IberiaBank's Fraud Suspect Identified

by Gwen Moritz  on Monday, May. 11, 2009 12:00 am  

Dana Washburn

Dana Washburn also owned, until recently, a popular and award-winning boutique for scrapbook enthusiasts called Signed Sealed Delivered on South 52nd Street in Rogers.

In June 2004, when Beau Terre was sold to Behringer Harvard Funds of Dallas, it reportedly comprised 371,083 SF in 36 buildings. The $55.87 million transaction ranked 10th on Arkansas Business’ list of the biggest deals in the state during 2004. How much the Washburns cleared on the sale is not a matter of public record, but a source indicated that it was between $7 million and $8 million before taxes.

When the Business Journal broke the news of the sale, it quoted Colon Washburn as saying that his wife was the “best leasing person in the United States.” She was responsible for the tenant layouts and tenant leasing relations in Beau Terre, he said.

Although it escaped notice in Arkansas, the deal led to a protracted and complicated civil lawsuit in Dallas, where the sale contract required any disputes to be litigated.

Danny Thomas Real Estate Inc. of Little Rock, which brought Behringer Harvard to the table, was forced out as manager of Beau Terre at the end of 2005, after numerous problems with the property and its cash flow became apparent. On Jan. 3, 2006, Kenneth Beirmacher, a partner in the Kane Russell Coleman & Logan law firm in Dallas, sued Behringer Harvard in the District Court of Dallas County on behalf of Danny Thomas Real Estate and DT Capital Group. According to Beirmacher, the management contract on Beau Terre was supposed to be Danny Thomas Real Estate’s reward for bringing the deal to Behringer Harvard.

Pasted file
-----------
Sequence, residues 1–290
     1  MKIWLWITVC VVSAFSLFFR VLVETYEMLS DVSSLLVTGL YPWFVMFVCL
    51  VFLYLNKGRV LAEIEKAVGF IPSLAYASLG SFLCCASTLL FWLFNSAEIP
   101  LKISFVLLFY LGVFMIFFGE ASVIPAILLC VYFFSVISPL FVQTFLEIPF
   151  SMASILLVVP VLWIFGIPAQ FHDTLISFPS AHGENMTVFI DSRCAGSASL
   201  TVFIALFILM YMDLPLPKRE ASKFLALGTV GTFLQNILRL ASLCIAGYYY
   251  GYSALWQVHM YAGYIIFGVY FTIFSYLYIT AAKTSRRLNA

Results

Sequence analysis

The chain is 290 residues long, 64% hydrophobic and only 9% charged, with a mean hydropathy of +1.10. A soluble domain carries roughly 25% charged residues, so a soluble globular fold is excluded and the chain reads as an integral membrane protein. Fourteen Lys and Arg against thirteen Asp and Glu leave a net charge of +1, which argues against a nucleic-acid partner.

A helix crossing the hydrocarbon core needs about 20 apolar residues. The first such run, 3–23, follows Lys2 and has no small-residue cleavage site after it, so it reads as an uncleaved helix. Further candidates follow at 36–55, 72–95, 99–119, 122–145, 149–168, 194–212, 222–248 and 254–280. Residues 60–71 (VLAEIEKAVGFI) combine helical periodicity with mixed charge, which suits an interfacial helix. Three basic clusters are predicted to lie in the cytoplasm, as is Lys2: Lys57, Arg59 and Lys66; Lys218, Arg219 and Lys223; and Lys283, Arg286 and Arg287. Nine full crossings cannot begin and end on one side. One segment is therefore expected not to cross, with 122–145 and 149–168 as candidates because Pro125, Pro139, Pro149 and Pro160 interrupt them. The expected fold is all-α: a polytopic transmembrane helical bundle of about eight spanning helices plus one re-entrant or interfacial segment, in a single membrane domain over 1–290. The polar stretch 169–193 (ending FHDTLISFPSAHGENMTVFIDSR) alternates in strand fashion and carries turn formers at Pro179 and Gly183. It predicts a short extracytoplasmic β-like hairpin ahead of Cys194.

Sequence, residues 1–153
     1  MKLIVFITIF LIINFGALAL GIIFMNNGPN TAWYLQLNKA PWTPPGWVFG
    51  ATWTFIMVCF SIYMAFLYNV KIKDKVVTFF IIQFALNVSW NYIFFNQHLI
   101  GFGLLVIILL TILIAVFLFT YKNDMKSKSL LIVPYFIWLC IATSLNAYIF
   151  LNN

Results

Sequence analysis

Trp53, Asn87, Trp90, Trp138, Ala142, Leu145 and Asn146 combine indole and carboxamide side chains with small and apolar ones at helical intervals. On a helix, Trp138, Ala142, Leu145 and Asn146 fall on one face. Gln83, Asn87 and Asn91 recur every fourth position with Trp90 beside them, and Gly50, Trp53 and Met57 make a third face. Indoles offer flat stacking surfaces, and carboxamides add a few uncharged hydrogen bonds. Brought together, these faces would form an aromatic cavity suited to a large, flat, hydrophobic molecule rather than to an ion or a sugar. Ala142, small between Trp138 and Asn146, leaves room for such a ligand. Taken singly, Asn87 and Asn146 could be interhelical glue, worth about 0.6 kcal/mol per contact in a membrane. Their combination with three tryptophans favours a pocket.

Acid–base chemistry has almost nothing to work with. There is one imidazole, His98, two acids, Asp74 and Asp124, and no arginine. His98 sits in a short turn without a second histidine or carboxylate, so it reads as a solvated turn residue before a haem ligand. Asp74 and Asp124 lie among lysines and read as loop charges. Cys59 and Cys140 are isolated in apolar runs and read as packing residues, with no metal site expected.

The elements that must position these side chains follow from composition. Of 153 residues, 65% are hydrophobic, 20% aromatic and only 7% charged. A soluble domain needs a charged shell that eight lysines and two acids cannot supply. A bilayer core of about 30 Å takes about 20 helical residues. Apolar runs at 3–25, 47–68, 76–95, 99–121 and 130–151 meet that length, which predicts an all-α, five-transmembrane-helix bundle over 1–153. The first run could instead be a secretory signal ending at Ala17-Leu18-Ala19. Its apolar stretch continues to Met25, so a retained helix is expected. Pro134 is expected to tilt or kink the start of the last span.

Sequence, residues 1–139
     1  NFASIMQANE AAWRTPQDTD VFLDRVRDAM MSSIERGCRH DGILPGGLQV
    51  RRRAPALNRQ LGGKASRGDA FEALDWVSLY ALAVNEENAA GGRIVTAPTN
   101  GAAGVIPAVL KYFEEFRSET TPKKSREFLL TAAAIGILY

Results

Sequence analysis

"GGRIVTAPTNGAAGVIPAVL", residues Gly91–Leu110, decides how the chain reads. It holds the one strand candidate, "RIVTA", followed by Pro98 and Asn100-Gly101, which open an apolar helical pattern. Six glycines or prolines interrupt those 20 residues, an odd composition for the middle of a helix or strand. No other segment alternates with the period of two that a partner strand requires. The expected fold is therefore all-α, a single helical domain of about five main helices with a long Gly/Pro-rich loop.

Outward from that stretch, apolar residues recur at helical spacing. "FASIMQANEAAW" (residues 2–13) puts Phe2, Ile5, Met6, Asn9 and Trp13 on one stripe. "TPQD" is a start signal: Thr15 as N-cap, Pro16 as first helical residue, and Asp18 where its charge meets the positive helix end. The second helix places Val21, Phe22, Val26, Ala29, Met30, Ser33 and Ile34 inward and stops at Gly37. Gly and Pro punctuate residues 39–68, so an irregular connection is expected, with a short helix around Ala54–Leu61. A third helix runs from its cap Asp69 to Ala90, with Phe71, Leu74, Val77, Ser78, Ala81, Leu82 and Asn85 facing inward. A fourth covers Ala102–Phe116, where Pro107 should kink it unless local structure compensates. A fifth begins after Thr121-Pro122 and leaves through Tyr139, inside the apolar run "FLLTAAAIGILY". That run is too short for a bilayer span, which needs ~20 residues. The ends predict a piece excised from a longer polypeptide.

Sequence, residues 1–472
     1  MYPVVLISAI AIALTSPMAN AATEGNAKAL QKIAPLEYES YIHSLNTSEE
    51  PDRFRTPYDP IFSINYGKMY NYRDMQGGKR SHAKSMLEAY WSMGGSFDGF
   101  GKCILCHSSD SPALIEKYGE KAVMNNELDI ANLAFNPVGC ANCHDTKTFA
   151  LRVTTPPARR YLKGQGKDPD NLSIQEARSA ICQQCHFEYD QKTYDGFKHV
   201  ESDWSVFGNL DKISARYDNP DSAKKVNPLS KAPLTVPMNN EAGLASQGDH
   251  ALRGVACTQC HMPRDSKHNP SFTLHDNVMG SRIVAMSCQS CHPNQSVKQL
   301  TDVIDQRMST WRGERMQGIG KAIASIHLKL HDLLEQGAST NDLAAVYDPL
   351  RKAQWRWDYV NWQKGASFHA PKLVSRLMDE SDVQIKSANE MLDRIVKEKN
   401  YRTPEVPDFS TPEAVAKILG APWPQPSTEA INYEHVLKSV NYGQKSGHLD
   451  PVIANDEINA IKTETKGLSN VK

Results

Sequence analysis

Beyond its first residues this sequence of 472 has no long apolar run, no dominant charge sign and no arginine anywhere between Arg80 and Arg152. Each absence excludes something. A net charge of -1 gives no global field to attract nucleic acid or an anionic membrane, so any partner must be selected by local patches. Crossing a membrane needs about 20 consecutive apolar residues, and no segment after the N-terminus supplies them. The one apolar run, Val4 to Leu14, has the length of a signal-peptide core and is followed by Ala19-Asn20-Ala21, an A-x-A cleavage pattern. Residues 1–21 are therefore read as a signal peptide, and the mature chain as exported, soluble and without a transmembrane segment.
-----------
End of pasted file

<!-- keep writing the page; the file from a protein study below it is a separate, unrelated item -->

Behringer Harvard countersued, claiming that Danny Thomas, the Washburns and the Washburns’ broker, Plunkett Boerner & Associates, conspired to misrepresent the Beau Terre property. The problems outlined in the case included leases that weren’t as represented, expenses that had been hidden and, most baffling of all, a building that was missing. Instead of 36 buildings in the Beau Terre development, there were only 35.

“To the extent [Dana Washburn] was this great leasing agent, she certainly did some things that were questionable,” Beirmacher said.

While Danny Thomas is still pursuing its complaint against Behringer Harvard, the Washburns settled their parts of the litigation in 2008. The dollar amounts are not public record, but the time line is:

• On June 2, 2008 — a month after the Washburns borrowed more than $3 million and less than two weeks after they refinanced their second mortgage — they were released from the litigation by Behringer Harvard, indicating they had paid the agreed-upon settlement amount.

• On Sept. 18, five weeks after they refinanced another $600,000 loan from Pulaski Bank, Danny Thomas Real Estate dropped its claim against the Washburns.

Even if the loans were used to pay the settlements, Beirmacher said, Pulaski Bank would have no recourse against Behringer Harvard and Danny Thomas because they had no way of knowing the money was fraudulently obtained. 

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